Book Review: Living Queer History

In my final semester at Appalachian State I wrote a review of Gregory Samantha Rosenthal’s Living Queer History, a nonfiction work describing Dr. Rosenthal’s work to co-organize an ongoing queer history collection and curation project in Roanoke, VA. I absolutely loved this book and Dr. Rosenthal’s dedication both to shining a light on a quickly-forgotten set of communities and experiences and her frankness in talking about both their successes and places where their work needed improvement. This is one part academic work, one part handbook for others to follow, and one part personal memoir of self-discovery. I strongly recommend it.

Living Queer History: Remembrance and Belonging in a Southern City
By Gregory Samantha Rosenthal (Chapel Hill: The University of North Carolina Press, 2021)
$29.95, paper. ISBN 978-1-4696-6580-1, 288 pp.

From the beginning, Gregory Samantha Rosenthal states the central theme of Living Queer History: “the presence of the past is always with us” (4). She then demonstrates this through meticulous research, frank honesty, a refreshingly open discussion of missteps, and her very personal story of coming out as a result of the work she and others do for the Southwest Virginia LGBTQ+ History Project. Through anecdotes, oral history excerpts, and detailed discussion of methodologies, Rosenthal proves the reality that history is as much an element of the future as it is a documentation of our past.

Rosenthal opens with the personal and professional path that led her to a history professorship in a small Southern city on the edge of Appalachia. Upon getting involved in a local organization promoting diversity in the city, Rosenthal and others realized there were no dedicated LGBTQIA+ organizations and no strong sense of the queer history of a city that has always been home to many queer people. From that, the Southwest Virginia LGBTQ+ History Project was born.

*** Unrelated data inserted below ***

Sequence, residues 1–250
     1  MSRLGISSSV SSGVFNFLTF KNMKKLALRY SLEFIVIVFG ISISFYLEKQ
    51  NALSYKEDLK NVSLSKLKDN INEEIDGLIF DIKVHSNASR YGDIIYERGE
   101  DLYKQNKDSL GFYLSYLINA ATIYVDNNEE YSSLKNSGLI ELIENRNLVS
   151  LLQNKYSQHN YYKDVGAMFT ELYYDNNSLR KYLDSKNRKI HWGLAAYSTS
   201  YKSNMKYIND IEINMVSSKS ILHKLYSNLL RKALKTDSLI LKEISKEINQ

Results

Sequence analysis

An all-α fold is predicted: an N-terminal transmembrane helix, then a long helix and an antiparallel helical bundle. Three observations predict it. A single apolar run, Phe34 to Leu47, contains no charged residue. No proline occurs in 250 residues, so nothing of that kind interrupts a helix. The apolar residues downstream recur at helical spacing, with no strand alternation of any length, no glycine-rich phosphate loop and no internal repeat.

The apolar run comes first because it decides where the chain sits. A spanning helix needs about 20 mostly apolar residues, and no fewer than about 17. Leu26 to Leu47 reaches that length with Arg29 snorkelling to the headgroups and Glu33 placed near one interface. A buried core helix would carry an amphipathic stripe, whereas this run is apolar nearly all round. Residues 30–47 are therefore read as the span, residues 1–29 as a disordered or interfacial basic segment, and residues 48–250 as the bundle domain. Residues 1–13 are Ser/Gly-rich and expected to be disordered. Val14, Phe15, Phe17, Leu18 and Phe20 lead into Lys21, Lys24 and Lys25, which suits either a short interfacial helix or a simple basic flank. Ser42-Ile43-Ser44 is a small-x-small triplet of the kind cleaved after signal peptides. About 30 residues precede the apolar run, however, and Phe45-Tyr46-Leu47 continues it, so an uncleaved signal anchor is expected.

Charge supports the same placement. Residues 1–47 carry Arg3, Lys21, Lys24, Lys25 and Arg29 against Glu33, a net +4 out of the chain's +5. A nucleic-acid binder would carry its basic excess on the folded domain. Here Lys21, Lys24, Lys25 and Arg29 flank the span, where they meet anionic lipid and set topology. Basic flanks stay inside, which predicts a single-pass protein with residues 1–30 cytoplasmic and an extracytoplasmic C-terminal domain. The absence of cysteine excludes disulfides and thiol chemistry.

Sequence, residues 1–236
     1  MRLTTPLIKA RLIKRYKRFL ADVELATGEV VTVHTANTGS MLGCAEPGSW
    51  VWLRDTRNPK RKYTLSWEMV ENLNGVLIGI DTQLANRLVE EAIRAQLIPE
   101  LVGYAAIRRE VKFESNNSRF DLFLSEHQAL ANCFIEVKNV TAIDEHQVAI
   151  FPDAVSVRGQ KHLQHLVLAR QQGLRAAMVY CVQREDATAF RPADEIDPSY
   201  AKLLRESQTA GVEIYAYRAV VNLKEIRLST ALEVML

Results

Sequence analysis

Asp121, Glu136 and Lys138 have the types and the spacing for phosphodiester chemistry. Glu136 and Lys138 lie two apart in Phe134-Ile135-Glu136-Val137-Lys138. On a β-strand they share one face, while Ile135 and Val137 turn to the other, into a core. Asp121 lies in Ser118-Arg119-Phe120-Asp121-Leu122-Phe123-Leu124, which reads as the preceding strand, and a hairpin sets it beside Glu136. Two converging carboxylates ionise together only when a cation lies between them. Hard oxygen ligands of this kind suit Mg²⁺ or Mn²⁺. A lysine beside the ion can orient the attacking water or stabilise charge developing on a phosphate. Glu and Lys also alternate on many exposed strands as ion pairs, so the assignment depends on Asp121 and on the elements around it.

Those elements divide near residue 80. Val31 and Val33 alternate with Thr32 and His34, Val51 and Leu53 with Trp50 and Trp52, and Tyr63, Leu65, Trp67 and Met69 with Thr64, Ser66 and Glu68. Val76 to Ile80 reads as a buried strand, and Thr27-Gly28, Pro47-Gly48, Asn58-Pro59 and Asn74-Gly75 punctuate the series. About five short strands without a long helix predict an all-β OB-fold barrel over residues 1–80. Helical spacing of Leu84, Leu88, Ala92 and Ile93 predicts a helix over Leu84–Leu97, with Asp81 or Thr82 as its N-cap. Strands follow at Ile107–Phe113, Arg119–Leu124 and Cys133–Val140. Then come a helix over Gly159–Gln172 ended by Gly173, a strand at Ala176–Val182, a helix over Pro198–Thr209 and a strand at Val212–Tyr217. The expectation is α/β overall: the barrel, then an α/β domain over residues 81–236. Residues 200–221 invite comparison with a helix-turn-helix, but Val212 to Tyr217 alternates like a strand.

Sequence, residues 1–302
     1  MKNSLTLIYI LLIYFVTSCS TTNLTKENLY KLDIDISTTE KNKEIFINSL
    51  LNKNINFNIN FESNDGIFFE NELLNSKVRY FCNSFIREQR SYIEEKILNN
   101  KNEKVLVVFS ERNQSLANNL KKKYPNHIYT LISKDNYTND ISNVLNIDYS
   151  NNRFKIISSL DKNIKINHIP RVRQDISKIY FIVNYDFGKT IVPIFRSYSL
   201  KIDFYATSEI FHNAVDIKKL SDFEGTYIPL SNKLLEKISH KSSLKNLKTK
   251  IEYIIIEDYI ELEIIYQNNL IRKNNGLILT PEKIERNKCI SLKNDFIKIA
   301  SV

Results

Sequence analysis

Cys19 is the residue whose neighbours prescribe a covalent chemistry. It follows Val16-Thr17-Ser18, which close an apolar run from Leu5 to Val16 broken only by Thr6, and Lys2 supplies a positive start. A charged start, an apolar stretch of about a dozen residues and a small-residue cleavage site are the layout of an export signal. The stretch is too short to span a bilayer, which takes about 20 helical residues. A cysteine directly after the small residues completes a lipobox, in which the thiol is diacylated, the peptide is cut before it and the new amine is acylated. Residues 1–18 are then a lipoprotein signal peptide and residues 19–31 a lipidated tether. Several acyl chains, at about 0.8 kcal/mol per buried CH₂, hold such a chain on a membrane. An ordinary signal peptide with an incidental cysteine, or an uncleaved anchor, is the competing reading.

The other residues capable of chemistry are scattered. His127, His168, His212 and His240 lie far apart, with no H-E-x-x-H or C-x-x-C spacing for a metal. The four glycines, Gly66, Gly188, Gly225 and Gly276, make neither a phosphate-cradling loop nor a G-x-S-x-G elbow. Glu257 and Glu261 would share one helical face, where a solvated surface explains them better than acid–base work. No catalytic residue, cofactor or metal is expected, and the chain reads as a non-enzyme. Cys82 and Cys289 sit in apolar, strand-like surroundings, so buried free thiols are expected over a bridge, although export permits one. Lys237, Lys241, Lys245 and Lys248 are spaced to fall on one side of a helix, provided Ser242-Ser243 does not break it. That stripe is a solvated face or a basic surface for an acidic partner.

Rosenthal details the combined conscious choices and happenstance that set this project apart from other community-based research efforts. For instance, the group began with no grant funding, no formal institutional support, and no structure. Rather than start with an org chart, a mission statement, and a grant, the group asks, what research might benefit Roanoke’s queer population? Then, piecemeal, they put together the resources to support as many of those goals as possible–funding, a permanent archive, a means to process and exhibit oral histories–and adjust as the project progresses.

One of the many dangers of an “objective” approach to research is becoming yet another extraction industry. A less engaged, less considerate collection effort might, for instance, have focused only on cisgender gay men, the worst of the HIV/AIDS pandemic, or criminalization of LGBTQIA+ people and never on their joy. A lesser project might have tucked their work away where no one could access them. As Rosenthal says, “In remembering a past that was bibliographic, archival, or even literary, queer historians could only see some of the past—just what was written down, and often written down by others” (63). Such a project would have worsened the marginalization of those they overlooked and done nothing to help the people who need this history most.